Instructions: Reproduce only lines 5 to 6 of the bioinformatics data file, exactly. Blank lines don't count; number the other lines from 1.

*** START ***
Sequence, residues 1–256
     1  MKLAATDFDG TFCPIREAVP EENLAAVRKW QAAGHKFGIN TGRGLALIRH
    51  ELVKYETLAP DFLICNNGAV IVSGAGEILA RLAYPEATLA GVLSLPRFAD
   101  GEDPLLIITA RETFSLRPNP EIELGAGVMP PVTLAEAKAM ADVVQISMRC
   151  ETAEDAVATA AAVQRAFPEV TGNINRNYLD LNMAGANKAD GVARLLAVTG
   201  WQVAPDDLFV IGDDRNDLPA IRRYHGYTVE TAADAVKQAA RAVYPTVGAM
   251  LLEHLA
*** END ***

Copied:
   151  ETAEDAVATA AAVQRAFPEV TGNINRNYLD LNMAGANKAD GVARLLAVTG
   201  WQVAPDDLFV IGDDRNDLPA IRRYHGYTVE TAADAVKQAA RAVYPTVGAM